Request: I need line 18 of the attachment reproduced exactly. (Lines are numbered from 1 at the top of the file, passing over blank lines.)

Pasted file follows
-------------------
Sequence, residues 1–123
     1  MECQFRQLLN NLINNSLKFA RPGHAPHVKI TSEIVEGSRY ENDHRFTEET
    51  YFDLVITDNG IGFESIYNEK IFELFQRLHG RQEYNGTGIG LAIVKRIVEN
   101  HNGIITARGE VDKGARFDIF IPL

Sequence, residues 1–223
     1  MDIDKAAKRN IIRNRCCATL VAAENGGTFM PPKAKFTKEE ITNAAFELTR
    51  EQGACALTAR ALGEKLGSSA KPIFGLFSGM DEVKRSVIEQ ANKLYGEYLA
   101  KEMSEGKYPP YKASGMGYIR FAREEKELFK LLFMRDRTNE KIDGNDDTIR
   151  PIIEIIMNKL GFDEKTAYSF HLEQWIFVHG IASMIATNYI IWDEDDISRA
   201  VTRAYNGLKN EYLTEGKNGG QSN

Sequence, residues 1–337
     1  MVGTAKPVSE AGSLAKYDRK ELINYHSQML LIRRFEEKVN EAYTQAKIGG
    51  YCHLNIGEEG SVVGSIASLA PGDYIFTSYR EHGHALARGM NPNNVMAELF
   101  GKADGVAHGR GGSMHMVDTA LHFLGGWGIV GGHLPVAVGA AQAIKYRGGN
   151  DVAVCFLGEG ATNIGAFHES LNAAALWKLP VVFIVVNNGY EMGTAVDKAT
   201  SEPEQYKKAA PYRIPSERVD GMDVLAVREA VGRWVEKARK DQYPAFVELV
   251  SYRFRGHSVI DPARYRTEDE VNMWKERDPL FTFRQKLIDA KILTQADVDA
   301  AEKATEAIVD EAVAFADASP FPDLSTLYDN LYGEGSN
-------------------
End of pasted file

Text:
   301  AEKATEAIVD EAVAFADASP FPDLSTLYDN LYGEGSN